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Exposure to Alcohol-Based Hand Sanitizers Does More Harm Than Good

One of the essential requirements for healthy living is ensuring hand hygiene to avoid the spread of germs. As a result, alcohol-based hand sanitizers that kill bacteria, fungi and some viruses have become popular. From health care providers to restaurant workers, it is used widely by all class of people, including children. It is used by millions of Americans as an effective and inexpensive means of reducing microorganisms. However, the Centers for Disease Control and Prevention (CDC) recommends that hand sanitizers should only be used when soap and clean water are not available and it should contain at least 60 percent alcohol.

In September 2016, the U.S. Food and Drug Administration (FDA) issued a rule banning the use of certain antiseptic wash products containing one or more of the 19 specific active ingredients, such as triclosan and triclocarban. Such a decision was taken in the absence of demonstration by the manufacturers on the safety and effectiveness of hand sanitizers in the daily life.

These active ingredients in antibacterial soaps, body washes and hand sanitizers have been long suspected to cause health complications, particularly among pregnant women and children. Due to the ban on some active ingredients used in hand sanitizers, there is a growing public concern about the health risks due to these chemicals, especially among younger children. These chemicals have the potential to cause bacterial resistance or harmonal effects.

Consequences of fancy hand sanitizers on kids

The volume of ethanol or isopropyl alcohol in hand sanitizers can range from 60 percent to 95 percent. In addition, other ingredients in sanitizers include fragrances that may be appealing to children.

The Morbidity and Mortality Weekly Report (MMWR) published in March 2017 has identified the cases of apnea, acidosis and coma among children who ingested alcohol-based hand sanitizers. This raises questions about the safety of such hand sanitizers. Intentional and unintentional exposure to the harmful chemicals of hand sanitizers through ingestion, inhalation, and dermal and ocular exposures can pose a major risk to younger children.

MMWR highlights:

· Ingestion of both alcohol-based and nonalcoholic hand sanitizers was the most common exposure among children in the age group 12 and below. However, alcohol-based hand sanitizers were linked to more severe health complications.

· Young children, including infants, are more susceptible to intoxication from sanitizers compared to older children and teens. Due to the lesser reserve of glycogen in their liver, they also stand the chance of developing hypoglycemia.

· Ocular exposure to sanitizers is more prevalent in older children than in younger children (24.8 percent vs. 3 percent).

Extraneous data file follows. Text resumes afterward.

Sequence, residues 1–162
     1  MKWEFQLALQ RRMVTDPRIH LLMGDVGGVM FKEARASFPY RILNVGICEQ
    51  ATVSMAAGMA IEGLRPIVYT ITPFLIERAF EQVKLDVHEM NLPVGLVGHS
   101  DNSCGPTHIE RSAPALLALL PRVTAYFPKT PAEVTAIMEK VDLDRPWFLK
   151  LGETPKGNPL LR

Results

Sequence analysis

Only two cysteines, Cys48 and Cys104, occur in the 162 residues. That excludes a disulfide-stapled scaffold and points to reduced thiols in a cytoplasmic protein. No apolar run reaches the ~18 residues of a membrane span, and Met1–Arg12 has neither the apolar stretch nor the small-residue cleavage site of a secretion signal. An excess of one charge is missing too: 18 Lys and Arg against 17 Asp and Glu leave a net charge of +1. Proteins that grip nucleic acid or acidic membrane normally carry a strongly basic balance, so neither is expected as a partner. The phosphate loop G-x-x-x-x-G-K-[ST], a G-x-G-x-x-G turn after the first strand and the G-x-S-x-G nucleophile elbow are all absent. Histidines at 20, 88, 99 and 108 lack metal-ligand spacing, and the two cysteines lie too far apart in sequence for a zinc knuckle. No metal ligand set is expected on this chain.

Hand sanitizers and common health complications

According to the MMWR, 8,219 children, including 7,703 children who ingested alcohol-based sanitizers and 516 who ingested nonalcoholic products, reported at least one symptom. Some of the common symptoms experienced by these children are ocular irritation (31.4 percent), vomiting (22.8 percent), conjunctivitis (10.5 percent), oral irritation (9.5 percent), etc. In addition, extremely rare cases of coma, seizures, hypoglycemia, metabolic acidosis and respiratory depression were also reported.

Since some schools may mandate students to equip themselves with hand sanitizers, many children stand the increased risk of being exposed to their chemicals. Similarly, a study carried out to assess the reports of alcohol poisoning in Texas poison centers between 2000 and 2013 found that out of the 385 adolescent participants who reported to ingesting hand sanitizers, 35 percent had done so on the school grounds.

Help at hand

Between 2005 and 2009, the annual rate of intentional exposure to hand sanitizers increased 0.32 per 1 million per year. Moreover, there were 70,669 cases of exposure in children aged 12 or below. The alcohol-based hand sanitizer has the potential to cause adverse health consequences, especially among younger children.

Although there has been no report of death because of exposure to alcohol-based sanitizers, parents, guardians, caregivers and health care providers need to be aware of the risks. Additionally, parental and teacher supervision is required among school students to discourage abuse of such products that are easily available and accessible.

If you or your loved one tends to misuse hand sanitizer owing to the alcohol in it or is dependent on alcohol or any other substance, it is time to undergo detoxification. The Rapid Detox Helpline can assist you in locating the best rapid detox centers that specialize in evidence-based intervention plans. Call us at our 24/7 helpline number 866–403–5591 to know more about the detox treatment centers.

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